“One of my clients ran a website geared toward college students and others who want short-term rentals of small appliances, electronics, and similar things. They were trying to get established as a business entity, and part of my work was navigating them through incorporating in Delaware and making sure they had bylaws and procedural documents in place for internal governance purposes. They needed a founders’ agreement and help with registering their trademark and drafting terms of service and a privacy policy.

“The greatest satisfaction was feeling like I was part of a team rather than a passive legal counsel. I think that’s the joy of start-up work in general. The clients trust you to be part of their team, and you’re creating value together. 

“The greatest benefit of the clinic, besides the substantive knowledge I gained, was derived from client interactions and learning about being a counselor to someone. And the experience of navigating the relationship with Professor Lynnise Pantin, who is our supervising attorney, will be really helpful when I begin my career. When I had my summer internship as a first-generation professional who came straight to law school after college, I didn’t even know whether to address the firm’s lawyers as Mr. or Ms. attorney so-and-so or call them by their first names. So knowing some of the conventions of the professional world—and how to gracefully say you don’t know the answer to a question—will be beneficial as I start my career.”

Bryant Alan Davis ’21 in glases and patterned shirt and tie

Bryant Alan Davis ’21

Immigrants' Rights Clinic

“The Immigrants’ Rights Clinic is a lot of hard work, and it’s a lot of stress because, in a certain sense, your clients’ lives are in your hands. And because it’s such high stakes, you don’t allow yourself to fail. Whatever challenges are put in front of you, you find yourself rising to meet them.

“In the fall, I did a lot of work for the women we were representing at the Irwin County Detention Center, which was written about by the Associated Press and Washington Post. I did some of the evidentiary work reviewing and writing affidavits submitted as part of our lawsuit against the Department of Homeland Security. My largest contribution—along with another student, Jack Furness ’21—was to find clinics and volunteer lawyers all over the country to provide legal representation for the women that we had contact with at the detention center. We coordinated the sharing of evidence, model filings, and research back and forth between more than a dozen clinics, private attorneys, and NGOs, which led to the release of a considerable number of these women from immigration detention.

“Last summer, when my summer law firm job got truncated down to nothing, I volunteered with the clinic. We worked on a case for a Garífuna land-rights activist from Honduras who had fled death threats there. We worked on a case I’m still involved in with two Syrian doctors who were forced to flee Syria to escape punishment by the Assad regime for treating civilians in rebel areas. 

“I’ve never worked under people that I’ve admired as much as Professor Elora Mukherjee and [Lecturer in Law] Amelia Wilson. They set a high standard for excellence. You want to please them and make them proud of you.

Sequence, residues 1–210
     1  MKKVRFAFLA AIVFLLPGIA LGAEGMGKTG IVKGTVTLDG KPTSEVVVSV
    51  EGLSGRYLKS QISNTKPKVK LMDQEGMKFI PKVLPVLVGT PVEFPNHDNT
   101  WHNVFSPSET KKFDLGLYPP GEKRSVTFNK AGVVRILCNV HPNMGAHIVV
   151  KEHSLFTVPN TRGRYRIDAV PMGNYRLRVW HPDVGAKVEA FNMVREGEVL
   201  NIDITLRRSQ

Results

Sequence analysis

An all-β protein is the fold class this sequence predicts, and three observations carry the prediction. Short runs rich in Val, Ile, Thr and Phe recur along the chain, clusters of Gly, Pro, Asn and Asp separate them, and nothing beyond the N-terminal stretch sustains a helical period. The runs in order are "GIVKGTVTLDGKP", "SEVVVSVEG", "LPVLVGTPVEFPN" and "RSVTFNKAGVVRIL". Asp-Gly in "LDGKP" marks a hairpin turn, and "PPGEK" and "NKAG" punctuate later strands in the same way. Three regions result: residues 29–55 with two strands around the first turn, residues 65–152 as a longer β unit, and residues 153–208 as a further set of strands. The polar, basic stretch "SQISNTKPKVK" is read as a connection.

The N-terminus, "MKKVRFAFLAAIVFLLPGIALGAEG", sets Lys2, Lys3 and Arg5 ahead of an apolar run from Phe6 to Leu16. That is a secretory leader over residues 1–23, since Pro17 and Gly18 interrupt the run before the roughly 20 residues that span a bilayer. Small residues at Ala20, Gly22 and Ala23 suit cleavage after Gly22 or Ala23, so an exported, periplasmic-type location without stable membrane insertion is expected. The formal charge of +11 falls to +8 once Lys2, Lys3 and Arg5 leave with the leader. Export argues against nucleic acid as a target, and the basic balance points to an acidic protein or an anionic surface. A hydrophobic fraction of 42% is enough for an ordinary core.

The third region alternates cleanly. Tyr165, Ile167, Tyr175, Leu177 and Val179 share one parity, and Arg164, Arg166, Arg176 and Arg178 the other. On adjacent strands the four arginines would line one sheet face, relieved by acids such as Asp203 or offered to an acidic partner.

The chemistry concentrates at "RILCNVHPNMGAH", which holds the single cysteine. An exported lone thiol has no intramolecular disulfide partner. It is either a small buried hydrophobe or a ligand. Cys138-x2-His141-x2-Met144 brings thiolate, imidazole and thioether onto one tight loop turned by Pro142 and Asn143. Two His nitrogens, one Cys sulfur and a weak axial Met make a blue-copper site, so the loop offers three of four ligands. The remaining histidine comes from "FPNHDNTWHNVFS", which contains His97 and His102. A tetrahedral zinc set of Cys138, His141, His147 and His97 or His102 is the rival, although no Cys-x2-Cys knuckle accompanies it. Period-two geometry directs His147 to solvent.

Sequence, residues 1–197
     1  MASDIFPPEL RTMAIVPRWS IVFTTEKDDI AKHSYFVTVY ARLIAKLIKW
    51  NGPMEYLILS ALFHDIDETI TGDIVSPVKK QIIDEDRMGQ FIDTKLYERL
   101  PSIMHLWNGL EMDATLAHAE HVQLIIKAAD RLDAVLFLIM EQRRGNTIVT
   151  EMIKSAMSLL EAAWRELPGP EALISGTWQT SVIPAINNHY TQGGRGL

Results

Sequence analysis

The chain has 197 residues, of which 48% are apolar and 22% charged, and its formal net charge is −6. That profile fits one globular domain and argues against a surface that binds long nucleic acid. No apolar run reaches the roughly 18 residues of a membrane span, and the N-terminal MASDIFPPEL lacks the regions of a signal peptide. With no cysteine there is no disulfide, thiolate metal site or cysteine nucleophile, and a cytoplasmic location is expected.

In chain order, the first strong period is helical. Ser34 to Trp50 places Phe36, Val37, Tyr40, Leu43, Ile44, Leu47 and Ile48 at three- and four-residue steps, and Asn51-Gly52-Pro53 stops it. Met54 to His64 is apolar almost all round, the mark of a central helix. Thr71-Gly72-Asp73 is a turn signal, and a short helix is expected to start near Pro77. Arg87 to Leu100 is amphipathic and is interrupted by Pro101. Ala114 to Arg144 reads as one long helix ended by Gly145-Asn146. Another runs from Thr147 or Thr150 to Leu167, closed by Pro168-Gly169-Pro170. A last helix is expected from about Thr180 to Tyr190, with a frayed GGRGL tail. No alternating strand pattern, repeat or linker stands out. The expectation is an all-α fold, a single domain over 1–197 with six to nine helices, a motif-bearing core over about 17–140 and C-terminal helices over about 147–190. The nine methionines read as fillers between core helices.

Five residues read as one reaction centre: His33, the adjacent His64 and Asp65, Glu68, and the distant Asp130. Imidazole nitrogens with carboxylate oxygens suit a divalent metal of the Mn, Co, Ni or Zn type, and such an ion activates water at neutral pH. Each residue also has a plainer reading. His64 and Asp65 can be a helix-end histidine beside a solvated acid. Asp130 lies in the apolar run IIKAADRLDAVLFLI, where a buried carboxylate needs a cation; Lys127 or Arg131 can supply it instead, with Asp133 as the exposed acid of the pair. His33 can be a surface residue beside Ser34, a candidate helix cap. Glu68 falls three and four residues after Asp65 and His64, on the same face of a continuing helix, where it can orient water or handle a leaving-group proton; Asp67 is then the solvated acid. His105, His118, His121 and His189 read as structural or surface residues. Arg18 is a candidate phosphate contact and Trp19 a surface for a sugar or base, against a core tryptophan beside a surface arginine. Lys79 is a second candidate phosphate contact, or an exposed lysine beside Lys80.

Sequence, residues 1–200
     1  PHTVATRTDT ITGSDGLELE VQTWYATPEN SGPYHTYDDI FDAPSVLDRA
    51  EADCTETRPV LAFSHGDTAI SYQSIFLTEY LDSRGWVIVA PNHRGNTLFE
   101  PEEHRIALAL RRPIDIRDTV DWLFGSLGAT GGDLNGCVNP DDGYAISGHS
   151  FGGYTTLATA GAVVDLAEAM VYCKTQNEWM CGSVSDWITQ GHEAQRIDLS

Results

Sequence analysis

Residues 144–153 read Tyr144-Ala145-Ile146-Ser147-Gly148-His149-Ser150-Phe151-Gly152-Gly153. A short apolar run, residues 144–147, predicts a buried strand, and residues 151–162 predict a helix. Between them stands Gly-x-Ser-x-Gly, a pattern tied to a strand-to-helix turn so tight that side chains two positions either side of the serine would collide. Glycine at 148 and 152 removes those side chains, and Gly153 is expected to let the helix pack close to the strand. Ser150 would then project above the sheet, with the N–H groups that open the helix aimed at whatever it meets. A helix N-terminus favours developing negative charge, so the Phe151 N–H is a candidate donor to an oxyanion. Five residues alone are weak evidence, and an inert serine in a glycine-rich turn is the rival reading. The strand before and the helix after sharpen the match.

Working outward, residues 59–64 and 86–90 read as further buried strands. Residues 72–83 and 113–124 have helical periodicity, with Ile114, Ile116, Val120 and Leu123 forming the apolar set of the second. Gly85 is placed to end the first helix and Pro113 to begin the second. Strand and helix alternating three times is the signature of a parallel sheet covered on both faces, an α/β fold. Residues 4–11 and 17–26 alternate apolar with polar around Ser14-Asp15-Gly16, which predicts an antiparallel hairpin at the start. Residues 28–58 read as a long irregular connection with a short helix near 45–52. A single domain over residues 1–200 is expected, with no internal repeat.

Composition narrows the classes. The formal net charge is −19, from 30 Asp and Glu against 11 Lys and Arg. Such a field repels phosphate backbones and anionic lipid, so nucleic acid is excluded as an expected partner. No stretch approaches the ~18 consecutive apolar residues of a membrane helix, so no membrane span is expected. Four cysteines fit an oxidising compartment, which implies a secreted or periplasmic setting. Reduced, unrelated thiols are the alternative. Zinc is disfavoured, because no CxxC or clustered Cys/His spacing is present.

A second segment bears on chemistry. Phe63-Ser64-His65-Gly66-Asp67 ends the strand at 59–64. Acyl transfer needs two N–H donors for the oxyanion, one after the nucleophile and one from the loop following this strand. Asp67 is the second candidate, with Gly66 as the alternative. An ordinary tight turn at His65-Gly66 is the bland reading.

“My clinic work has been the thing I’ve been particularly good at during law school. I’ve gained skills in a tangible way that gave me much greater confidence in my ability to contribute to the legal profession. I would have never thought I was qualified to clerk until I did the clinic and found myself doing all this legal research and producing memos that Elora would praise, and I thought, maybe I can do this. And after graduation, I will be clerking at the U.S. District Court for the Middle District of Pennsylvania.”

Michelle Gomez-Reichman ’21 in printed jacket

Michelle Gomez-Reichman ’21

Community Advocacy Lab

“Everyone says, ‘You can do so many different things with a J.D.,’ but you don’t really know what that means. The Community Advocacy Lab is a really creative way to work with clients and give them the help they need in a non-litigation way, which is what I was looking for.

“I was particularly interested in housing issues and glad to be working with the Housing Resource Center at the Red Hook Community Justice Center in Brooklyn. Before the pandemic, we visited a NYCHA building, and I thought the conditions were horrible, even inhumane. But we couldn’t make more visits [following the shutdown]. . . . The Housing Resource Center does an excellent job of documenting all of the problems; looking through the pictures they have is quite harrowing. 

“We spoke with our client about the tenants’ problems getting NYCHA to make repairs. We did a lot of research on the legal remedies they have, which are different than for people who live in private housing. We decided we could write a memorandum that our client could share with the appropriate parties.

“Although we had to cut off our in-person work pretty early in the spring 2020 semester, the whole process of researching and synthesizing information, talking to different actors, and then reporting on it was very educational. I feel more connected to New York and interested in local organizing work and how local problems can be solved by communities with local solutions.”

Mie Morikubo on steps of library at Columbia University

Mie Morikubo ’21

Mediation Clinic 

“The Mediation Clinic usually does in-person mediation trainings for diplomats at the United Nations or travels internationally for presentations, and, obviously, those things were not happening because of the pandemic. So we did them by video, and I think we got much larger and diverse turnouts. Before, it was just people from New York, but on Zoom, we had people from Australia, Fiji, India, and California, which was a cool experience.